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pharmaceutical

The South African pharmaceutical industry, like many developing countries, faces many significant developments and new challenges. Some of these challenges and developments include the growth of generic medicine and the proposed National Health Insurance (NHI) scheme which is set to have major implications for the pharmaceutical industry.

In addition, increased regulation and legislation, such as single exit price, the dispensing fee, the Consumer Protection Act and the Medicines and Related Substances Control Act will continue to impact on the marketing, distribution and packaging of pharmaceuticals.

Once dismissed as low-profit, the country’s pharmaceutical market is now regarded by many as having great potential and is drawing the attention of some key industry players. The optimistic outlook can be attributed to heavy investment in the private sector. Largely due to the growing burden of disease and increased public healthcare spend for advancing the use of high-priced drugs.

In the coming years, a large number of drugs will lose their patents, which is expected to create higher demand for primary health care drugs such as generics, antibiotics and over-the-counter drugs. Likewise, the lucrative government contracts for HIV/AIDS, tuberculosis and diabetes medication as key drivers for the industry.

South Africa has the highest proportion of people with HIV/AIDS in the world. 2010 figures indicate that over 5-million residents have the virus and 40% of deaths in 2010 were HIV/AIDS related. Government receives international support for antiretroviral (ARV) supply and other initiatives to help people living with the disease from organisation such as Global Fund, the President’s Emergency Plan For AIDS Relief (PEPFAR) and the EU. The result is lucrative government contracts awarded to companies that provide appropriate treatments for the HIV/AIDS pandemic, Tuberculosis and other diseases.

Currently, the government is in the process of structuring the South African Health Products Regulatory Authority (SAHPRA) which will replace the Medicines Control Council (MCC). SAHPRA, the new regulatory body, will be responsible for speeding up the drug registration process. SAHPRA will have more power and a greater range of responsibilities such as the approval and licensing of pharmaceuticals and medical devices, as well as carrying out evaluations for safety and efficiency.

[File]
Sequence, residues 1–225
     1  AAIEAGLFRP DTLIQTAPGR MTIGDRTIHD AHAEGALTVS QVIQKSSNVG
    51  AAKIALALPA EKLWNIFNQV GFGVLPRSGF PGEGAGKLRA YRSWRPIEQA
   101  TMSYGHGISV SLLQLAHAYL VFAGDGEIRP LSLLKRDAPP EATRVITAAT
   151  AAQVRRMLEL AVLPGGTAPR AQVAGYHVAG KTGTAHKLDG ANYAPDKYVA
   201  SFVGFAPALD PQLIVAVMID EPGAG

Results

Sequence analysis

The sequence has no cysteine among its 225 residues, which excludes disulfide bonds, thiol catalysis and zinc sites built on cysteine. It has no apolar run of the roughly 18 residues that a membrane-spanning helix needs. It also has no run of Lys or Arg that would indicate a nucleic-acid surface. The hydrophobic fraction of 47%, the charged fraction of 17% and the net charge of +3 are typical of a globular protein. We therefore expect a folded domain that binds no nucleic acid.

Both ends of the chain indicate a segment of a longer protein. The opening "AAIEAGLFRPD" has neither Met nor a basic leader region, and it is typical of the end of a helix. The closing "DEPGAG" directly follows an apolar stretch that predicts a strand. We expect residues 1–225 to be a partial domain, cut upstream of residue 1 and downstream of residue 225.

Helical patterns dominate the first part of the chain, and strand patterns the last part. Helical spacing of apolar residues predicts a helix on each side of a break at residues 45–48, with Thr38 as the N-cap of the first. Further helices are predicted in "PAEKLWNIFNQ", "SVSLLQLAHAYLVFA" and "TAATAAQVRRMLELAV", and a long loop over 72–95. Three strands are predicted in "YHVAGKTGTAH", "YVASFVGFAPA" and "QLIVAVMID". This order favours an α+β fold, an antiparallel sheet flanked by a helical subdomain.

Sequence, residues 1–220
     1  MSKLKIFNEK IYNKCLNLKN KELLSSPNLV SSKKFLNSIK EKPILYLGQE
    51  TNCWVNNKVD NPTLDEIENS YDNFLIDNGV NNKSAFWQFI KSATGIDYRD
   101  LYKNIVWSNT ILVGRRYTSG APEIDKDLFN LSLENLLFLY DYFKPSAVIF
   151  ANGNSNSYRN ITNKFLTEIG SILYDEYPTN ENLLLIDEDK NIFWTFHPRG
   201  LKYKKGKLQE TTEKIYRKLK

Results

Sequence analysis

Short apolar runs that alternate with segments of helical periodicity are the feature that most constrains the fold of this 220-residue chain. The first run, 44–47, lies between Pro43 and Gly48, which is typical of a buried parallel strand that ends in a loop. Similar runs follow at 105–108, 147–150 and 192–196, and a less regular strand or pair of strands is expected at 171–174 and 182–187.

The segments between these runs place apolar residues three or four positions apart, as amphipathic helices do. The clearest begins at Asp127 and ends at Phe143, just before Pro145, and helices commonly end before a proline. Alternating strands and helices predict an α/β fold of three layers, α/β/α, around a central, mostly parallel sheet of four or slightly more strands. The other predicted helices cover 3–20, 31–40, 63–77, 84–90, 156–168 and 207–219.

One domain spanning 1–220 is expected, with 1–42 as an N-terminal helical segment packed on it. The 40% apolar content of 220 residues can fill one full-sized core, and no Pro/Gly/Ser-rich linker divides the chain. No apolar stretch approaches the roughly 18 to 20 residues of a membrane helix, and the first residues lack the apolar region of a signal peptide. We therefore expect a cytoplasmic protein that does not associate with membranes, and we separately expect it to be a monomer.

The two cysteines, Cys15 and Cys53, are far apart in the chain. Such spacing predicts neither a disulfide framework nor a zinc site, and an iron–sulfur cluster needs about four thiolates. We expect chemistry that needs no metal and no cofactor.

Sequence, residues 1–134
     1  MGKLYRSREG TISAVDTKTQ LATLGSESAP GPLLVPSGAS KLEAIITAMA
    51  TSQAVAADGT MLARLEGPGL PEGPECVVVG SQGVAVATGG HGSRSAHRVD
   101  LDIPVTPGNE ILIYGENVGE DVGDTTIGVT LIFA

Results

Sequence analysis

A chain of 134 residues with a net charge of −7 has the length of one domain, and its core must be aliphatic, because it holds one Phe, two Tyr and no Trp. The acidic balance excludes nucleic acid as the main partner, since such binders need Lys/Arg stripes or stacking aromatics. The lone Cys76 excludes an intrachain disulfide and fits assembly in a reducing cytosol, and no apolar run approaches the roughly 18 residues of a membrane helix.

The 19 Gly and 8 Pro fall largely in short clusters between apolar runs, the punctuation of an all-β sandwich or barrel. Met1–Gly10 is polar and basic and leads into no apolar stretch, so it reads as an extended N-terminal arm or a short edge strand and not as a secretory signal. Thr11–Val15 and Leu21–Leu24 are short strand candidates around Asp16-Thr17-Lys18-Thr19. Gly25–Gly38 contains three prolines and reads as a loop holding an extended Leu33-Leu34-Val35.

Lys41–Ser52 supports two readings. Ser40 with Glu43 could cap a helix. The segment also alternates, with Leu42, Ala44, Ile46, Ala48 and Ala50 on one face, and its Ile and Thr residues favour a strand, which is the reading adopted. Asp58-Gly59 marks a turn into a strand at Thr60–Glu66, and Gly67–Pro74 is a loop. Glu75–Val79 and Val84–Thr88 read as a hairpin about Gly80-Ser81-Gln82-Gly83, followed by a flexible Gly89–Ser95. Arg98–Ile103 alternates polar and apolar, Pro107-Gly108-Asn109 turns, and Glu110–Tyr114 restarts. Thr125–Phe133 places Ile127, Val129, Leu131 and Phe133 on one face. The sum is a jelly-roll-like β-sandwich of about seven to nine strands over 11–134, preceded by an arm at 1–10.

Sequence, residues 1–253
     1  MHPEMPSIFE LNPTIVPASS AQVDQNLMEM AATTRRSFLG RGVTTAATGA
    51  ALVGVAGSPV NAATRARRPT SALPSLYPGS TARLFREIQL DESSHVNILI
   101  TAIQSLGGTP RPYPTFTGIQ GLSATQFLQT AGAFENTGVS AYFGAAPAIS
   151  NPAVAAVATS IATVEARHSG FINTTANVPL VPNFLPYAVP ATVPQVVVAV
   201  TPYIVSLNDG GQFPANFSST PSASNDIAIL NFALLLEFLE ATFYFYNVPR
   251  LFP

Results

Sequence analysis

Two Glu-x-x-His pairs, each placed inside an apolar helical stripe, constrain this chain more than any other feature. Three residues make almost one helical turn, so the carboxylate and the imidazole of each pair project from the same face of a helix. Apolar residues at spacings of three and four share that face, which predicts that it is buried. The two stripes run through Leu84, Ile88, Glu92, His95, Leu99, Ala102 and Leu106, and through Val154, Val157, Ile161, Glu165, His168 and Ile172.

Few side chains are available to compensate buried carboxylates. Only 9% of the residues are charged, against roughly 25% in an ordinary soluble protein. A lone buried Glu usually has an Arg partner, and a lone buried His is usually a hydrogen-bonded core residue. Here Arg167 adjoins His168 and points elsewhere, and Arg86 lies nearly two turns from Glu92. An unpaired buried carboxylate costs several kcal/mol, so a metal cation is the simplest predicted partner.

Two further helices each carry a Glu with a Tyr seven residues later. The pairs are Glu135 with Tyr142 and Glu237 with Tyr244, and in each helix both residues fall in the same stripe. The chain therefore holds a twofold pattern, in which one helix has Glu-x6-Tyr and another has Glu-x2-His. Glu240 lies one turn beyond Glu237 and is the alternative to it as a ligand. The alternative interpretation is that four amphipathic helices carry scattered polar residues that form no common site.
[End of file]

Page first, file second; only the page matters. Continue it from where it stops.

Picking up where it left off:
This is hailed as a move in the right direction by many, most of whom previously condemned the MCC’s lengthy registration process for making it difficult to introduce cheaper generic drugs. This was highlighted as a major obstacle to Fixed Dose Combinations (FDCs) for HIV/AIDS treatment.

Despite all these challenges, the South African healthcare industry is in the initial stages of development and has immense growth potential. The forecast is based on high demand for hospital services and healthcare professionals, and South Africa’s dependence on imported pharmaceuticals. This sets the stage for the private sector to build infrastructure and manufacturing facilities. Based on current market trends, industrial developments and competitive landscapes, the South African pharmaceuticals and healthcare industry has a bright future ahead.

 

Active Pharmaceutical Ingridients

ANDROSTANOLONE
7201 EXTRACT FLUID LIQUIRITIAE 118 AC 336
AMINOPHYLLINE ANHYDROUS BP
ASPIRIN – ACETYL SALICYLIC ACID (60-325 MESH)
BENZOCAINE BP2007/USP35
BENZYDAMINE HCL BP/EP
BETAMETHASONE VALERATE USP33..
BETAMETHASONE-17-VALERATE EP7 (MICRONISED)
CAFFEINE ANHYDROUS BP
CALCIUM BETA HYDROXY BETA METHYL BUTYRATE MH
CAPTOPRIL USP30 EX
CARBOXYMETHYLCELLULOSE SODIUM BP
CASTOR OIL PHARMA PRESSED PH.EUR/BP
CETYLPYRIDINIUM CHLORIDE BP
CHLORAMPHENICOL LATEST (Micronized)
CIPROFLOXACIN_CEP GRADE
CLOBETASOL PROPIONATE USP
CLOTRIMAZOLE BP
CREMAPHOR A25
CREMAPHOR A6
DEXTRAN 40
DEXTROMETHORPHAN HBr
DONEPIZIL
DOXAZOCIN MESYLATE
DOXYLAMINE SUCCINATE
FLUMETASONE
GENTAMYCIN SULPHATE
GERMABEN II E
GLICLAZIDE (MICRONIZED)
GUAIFENESIN USP
HYDROCORTISONE BASE BP/EP (MICRONSED)
IBUPROFEN BP
INDOMETHACIN BP89
ISOCONAZOLE NITRATE
KANAMYCIN SULPHATE BP2002
LEVAMISOLE HCL BP2002/EP3
LIDOCAINE
LINALYL ACETATE
LINCOMYCIN HCL EP
MEFENAMIC ACID MICRONIZED
METFORMIN HCL
METHYLDOPA
MINOXIDIL USP
MODAFINIL EP
NALIDIXIC ACID BP
OXYTOCIN
PARACETAMOL BP
PARACETAMOL GRANULES DC 83,33
PHENAZOPYRIDINE HCL USP33
PIPERAZINE CITRATE USP
PIROXICAM USP34
POTASSIUM GUAIACL SULFATE USP
PRAZOSIN HCL
PREDNISONE
PROCAINE
PROMETHAZINE HCL BP2001
QUININE HYDROCHLORIDE
RIFAXIMIN
SELENIUM SULPHIDE USP
SODIUM SALICYLATE BP/USP
SPECTINOMYCIN HCL EP5.0
TERBENAFINE HCL
TETRACAINE
TRIMETHOPRIM
TRIPROLIDINE HCL BP99

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